And ? this is the best one ? the fact that Mattei-Smith did not announce the meetings...

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At the onset of the 2010-11 school year, 39 new charter schools opened their doors in the Buckeye State. These new schools bring the total number of charters in Ohio to just over 350.?? They collectively serve more than 100,000 students. No doubt some of these new schools are bringing quality education to children who need it and providing a strong return on investment for the state.?? But also among the new schools are seven operated by EdisonLearning and authorized by the Education Resource Consultants of Ohio (ERCO).

Fordham, a charter authorizer in Ohio, has long experience working with EdisonLearning. Fordham president Chester E. Finn, Jr. helped launch Edison in the early 1990s, and Fordham has served as authorizer of the two Dayton schools operated by Edison since 2005. These two schools have been in operation for nearly a decade, and despite declining enrollment that resembles a ski slope (see below) have received more than $93.5 million in public funding. Yet after all that time and money, one school's academic performance is middling at best; the other has struggled mightily to deliver students to even basic levels of achievement.??

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* The Performance Index score is a weighted average of a school's or district's students' performance on...

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You've probably heard that NCTQ president Kate Walsh and new Tennessee Commissioner of Education Kevin Huffman testified in Congress this week on issues related to teacher quality. (Snippets of their testimonies burst into useful sound bites all over Twitter.) One of the most quotable, shared here by Huffington Post, came from Walsh when she said it's ?easier to get into an education school than it is to qualify to play college football.?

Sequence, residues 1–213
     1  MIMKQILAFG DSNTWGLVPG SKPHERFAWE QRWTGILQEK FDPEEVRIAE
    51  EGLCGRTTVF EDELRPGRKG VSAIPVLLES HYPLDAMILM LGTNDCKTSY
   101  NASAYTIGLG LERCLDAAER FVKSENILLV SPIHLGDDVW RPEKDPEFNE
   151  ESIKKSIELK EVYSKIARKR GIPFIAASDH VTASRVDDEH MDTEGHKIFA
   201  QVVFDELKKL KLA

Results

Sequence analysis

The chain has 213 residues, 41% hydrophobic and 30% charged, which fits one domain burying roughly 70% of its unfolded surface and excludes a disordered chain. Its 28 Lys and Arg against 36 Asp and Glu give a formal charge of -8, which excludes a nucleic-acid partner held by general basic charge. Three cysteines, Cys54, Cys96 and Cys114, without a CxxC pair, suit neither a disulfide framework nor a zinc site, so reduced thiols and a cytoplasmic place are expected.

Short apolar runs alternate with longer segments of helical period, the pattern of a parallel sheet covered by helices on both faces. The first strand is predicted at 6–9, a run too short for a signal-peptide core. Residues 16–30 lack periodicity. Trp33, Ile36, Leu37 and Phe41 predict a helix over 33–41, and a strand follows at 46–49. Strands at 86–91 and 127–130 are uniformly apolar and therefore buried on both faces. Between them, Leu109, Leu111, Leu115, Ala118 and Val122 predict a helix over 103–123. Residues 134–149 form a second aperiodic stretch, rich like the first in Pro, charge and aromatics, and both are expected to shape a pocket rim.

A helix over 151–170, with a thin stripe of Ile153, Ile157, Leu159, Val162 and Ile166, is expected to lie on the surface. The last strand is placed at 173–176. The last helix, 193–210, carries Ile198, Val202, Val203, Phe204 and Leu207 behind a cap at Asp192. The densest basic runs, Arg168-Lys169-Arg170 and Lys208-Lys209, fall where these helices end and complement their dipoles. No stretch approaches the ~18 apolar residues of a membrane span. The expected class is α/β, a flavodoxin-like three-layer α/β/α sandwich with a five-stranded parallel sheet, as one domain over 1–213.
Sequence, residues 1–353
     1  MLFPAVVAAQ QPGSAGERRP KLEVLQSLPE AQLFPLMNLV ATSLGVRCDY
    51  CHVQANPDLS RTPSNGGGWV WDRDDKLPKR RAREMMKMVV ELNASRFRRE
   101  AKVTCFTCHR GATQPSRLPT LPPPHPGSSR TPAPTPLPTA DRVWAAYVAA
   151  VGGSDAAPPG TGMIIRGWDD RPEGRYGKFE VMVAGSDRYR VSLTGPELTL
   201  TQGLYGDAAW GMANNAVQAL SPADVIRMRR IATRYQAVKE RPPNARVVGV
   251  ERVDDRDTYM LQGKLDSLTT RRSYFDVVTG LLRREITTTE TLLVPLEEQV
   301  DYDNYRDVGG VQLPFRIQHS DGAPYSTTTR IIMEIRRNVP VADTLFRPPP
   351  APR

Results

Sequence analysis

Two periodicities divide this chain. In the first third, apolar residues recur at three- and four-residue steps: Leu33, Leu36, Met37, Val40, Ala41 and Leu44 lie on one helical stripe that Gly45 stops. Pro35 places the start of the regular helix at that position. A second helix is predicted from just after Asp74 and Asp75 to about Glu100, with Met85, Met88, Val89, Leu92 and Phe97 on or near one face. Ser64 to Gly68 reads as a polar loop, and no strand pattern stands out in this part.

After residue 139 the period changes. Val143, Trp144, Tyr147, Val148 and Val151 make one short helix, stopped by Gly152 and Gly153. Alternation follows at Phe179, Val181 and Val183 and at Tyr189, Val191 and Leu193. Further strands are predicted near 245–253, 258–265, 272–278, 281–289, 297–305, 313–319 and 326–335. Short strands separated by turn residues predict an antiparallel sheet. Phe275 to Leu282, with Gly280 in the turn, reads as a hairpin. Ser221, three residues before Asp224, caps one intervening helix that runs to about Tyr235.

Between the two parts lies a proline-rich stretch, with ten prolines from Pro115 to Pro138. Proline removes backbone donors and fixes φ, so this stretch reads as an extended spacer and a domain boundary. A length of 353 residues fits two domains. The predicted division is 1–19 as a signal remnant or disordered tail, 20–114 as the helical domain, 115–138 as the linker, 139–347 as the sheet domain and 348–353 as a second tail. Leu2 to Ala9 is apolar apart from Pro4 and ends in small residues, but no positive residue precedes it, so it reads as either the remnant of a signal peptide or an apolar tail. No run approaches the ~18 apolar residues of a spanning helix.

Ouch. (No offense to college athletes.) There's no question that the quality of education schools varies greatly. Even one of the more defendable components of traditional educator training, student teaching, has come under recent fire. That teacher preparation programs are often woefully inadequate seems to be a well-accepted fact among reformers and traditionalists alike. But how to change that seems is a bit more up for debate.

There are a bevy of policies that could improve teacher quality at different points during preparation: at the front (higher entrance standards), middle (harder coursework; teacher residencies happening earlier to weed out non-performers prior to their last semester of college), or tail ends of training (check out the extraordinarily intuitive exit requirement that New York's ?Relay? School of Ed is installing ? a teacher actually has to prove that students learn under her purview before graduating).

And then there are attempts to improve teacher quality once they're out in the field, such as Ohio's just-passed requirement that teachers in the lowest performing schools statewide...

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Fordham's new paper authored by Rick Hess on ???Creating Healthy Policy for Digital Learning??? is critically important for those of us on the ground working as school administrators, school leaders, charter school authorizers and education policy makers. Rick has articulated the challenges, opportunities, and parameters for good public policy and practices that those of us in the field have been fumbling around for the last few years to come up with through common sense, intuition, trial and error, and luck.

As a charter authorizer, Fordham's experience with digital learning has been humbling and frustrating, in part because we have struggled ??? along with many others ??? to define success for the digital learning programs and policies we have supported. Rick acknowledges how hard all this is in his paper and our on-the-ground experience confirms his analysis.

We have had two direct experiences with trying to help birth quality digital learning opportunities for children in the Buckeye State through ???hybrid??? charter schools. The first was in 2007 when the two schools we authorize in Dayton piloted EdisonLearning's E2 education program. At the time Edison described the effort as a ???multi-million dollar R&D project to engineer whole school design.??? Key to the E2 design was ???a new realm of curricula that is as effective as it is efficient in meeting the individual learning needs of the next generation. Diverse software and web-based applications, like ALEKS, Achieve3000, and Rosetta Stone, expand access to information and offer effective one-on-one instruction...